A ship came to pick up Fr. Damien after his 30-day medical visa expired, but the story goes that the lepers fought off the crew preventing them from landing and taking Fr. Damien. Richard said that that was not true; the lepers were too weak to do anything like that. Actually, the boson who was in charge of the landing party saw the lepers crying out that they didn't want Fr. Damien to leave. It was only after his death that the boson’s memoirs were revealed noting that one of those lepers was his sister. Fr. Damien wanted to stay, so the boson made up the story and left him there. At that time Honolulu was in the middle of battling an outbreak of the plague, so Fr. Damien's presence on Kaluapapa slipped through the cracks of the medical people on the island. Time would later reveal that the secretary who was entrusted with the task of making out the medical visas to approach Kaluapapa kept making up new visas for Fr. Damien. Her mother was on that island. After six months, no one wanted Fr. Damien to leave the leper colony. The medical people in Honolulu were convinced that after being there that long, he probably already had contracted leprosy.
So Fr. Damien stayed. He built shelters, a water system, and turned Kaluapapa into a little functioning community. He planted over a thousand trees to protect the people from the elements. He built the Church and prayed for the people and with the people. Lepers of all faiths and no faith went to his Masses. They said, "He holds our hands when we die." Fr. Damien wrote out to organizations around the world to provide help for these people and received shipments of blankets and food and the everyday supplies that are far more valuable than gold. One leper wrote, "Today is the happiest day of my life. Today I have received my blanket. This is my blanket. I will be buried in it. Today I have hope and joy, for I have experienced God's love."
Although leprosy is not as contagious as feared, Fr. Damien contracted leprosy, probably because he did not pay much attention to caring for his own health. Towards the end of his life Mother Marianne, St. Marianne Cope, and a group of sisters from Utica, New York, joined him on the island to continue his work and to build a hospital right there in Kaluapapa. After Fr. Damien died, Robert Lewis Stevenson wrote a vigorous defense of Damien’s life countering accusations of a minister, a Doctor Hyde of Honolulu, that questioned the accounts of Damien’s heroism and his sanctity. In 1995 Damien was beatified by Pope John Paul II. In 2009 he was canonized by Pope Benedict XVI.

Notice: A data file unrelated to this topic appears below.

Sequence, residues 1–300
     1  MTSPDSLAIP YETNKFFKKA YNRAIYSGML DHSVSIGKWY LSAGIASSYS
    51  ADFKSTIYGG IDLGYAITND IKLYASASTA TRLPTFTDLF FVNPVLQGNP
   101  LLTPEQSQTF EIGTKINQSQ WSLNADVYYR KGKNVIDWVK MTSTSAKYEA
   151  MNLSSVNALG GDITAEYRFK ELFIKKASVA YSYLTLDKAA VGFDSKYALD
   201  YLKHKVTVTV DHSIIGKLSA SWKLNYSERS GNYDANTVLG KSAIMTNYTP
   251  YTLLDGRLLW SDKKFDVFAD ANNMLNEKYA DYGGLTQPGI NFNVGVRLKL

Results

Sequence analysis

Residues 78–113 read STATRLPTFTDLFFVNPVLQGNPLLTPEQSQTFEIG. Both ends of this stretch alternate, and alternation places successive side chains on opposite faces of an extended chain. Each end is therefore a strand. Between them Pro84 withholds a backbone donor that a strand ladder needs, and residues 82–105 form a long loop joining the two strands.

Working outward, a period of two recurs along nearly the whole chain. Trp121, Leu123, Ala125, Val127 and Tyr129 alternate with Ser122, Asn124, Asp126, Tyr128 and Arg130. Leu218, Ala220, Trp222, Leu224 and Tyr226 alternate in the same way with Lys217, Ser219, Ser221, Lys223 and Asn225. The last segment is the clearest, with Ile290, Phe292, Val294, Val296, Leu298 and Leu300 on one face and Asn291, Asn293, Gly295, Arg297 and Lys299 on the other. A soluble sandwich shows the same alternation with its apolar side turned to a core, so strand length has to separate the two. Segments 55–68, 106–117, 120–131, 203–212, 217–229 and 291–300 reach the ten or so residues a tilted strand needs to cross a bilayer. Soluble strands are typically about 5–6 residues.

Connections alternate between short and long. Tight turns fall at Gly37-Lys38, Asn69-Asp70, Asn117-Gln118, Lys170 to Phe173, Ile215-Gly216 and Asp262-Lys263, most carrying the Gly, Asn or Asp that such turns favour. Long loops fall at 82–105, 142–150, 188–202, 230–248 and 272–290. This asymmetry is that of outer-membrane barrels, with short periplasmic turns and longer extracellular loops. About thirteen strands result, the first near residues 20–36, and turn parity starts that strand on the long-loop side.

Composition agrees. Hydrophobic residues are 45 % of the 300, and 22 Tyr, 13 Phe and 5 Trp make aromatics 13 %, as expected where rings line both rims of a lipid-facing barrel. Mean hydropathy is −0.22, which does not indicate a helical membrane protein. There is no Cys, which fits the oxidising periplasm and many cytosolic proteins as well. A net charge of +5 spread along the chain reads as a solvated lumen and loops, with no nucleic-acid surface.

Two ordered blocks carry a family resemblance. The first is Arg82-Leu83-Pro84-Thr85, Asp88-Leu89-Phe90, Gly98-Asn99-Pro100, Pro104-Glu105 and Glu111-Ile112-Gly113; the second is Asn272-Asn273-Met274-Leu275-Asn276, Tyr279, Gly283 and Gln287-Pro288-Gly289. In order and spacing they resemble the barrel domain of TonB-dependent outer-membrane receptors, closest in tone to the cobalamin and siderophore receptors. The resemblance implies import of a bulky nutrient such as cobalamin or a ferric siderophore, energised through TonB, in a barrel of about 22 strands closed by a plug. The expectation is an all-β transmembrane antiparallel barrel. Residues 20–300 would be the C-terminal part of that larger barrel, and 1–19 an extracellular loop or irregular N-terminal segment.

On a little hill of Kaluapapa there is a cross with a few words from scripture that sums up what was at the heart of Fr. Damien's work. The words are from St. Paul's First Letter to the Corinthians......."Love never fails."
In 1864 the United States Congress invited each state to erect two statues of prominent citizens in Statuary Hall and throughout the Capital building in Washington D. C. Since then all the states have followed this custom, some replacing statues with others such as California replacing one of its statues with one to honor Ronald Regan and Michigan doing the same to honor Gerald Ford. The State of Hawaii erected a statue of its unifying king, King Kamehameha, and a statue of its greatest citizen, St. Damien. What he and St. Marianne Cope did, their heroism, was extraordinary. They brought Jesus Christ to outcasts of society.
"A leper approached Jesus with a request, kneeling down as he addressed him. 'If you will to do so, you can cure me.' Moved with pity, Jesus stretched out his hand, touched him and said: 'I do will it. Be cured.'"
Who are the outcasts of our society? Are the outcasts people with AIDS or other terrible illnesses? Are the outcasts the poor of the third world? Are the outcasts the immigrants? Are there outcasts in your family or my family? Is the outcast of your family or my family that son or daughter, brother or sister, or cousin who has embarrassed the family by getting involved with illegal activities or living an immoral lifestyle? Are we willing to reach out to them? Are we willing to touch the outcast, or are we afraid that we might become unclean? Perhaps, if we resume friendship with that difficult cousin, the rest of our family will have nothing to do with us. Unclean! Or if we make friends with that girl or guy in school or the office or neighborhood labeled by others as unworthy of anyone’s attention, we also will be rejected. Unclean! Or if we become advocates for migrants who work hard to send money to their impoverished families, then we will be accused of being aligned with the few bad among them who have done horrible things, even if the percentage of bad people among them is far less the percentage of evildoers who are American citizens. Still some will say to those who reach out to the immigrants, “Unclean!”
The example of St. Damien and the message of our gospel, is that we can reach out to those who are suffering and touch them with the healing power of Jesus Christ. Yes, by doing this we may open ourselves up to insult and attack from those around us. But we have been empowered with the healing touch of Jesus Christ. And that healing touch can conquer the pain around us.
Moved with pity, Jesus stretched out his hand, touched him and said, 'I do will it. Be cured.'"
Love never fails.
Readings of the day:
First Reading: Leviticus 13.1-2, 45-46
Second Reading: 1 Corinthians 10.31 - 11.1
Gospel: Mark 1.40-45
This material is used with permission of its author, Rev. Msgr. Joseph A. Pellegrino, Diocese of St. Petersburg, FL. Visit his
Reflections are available for the following Sundays: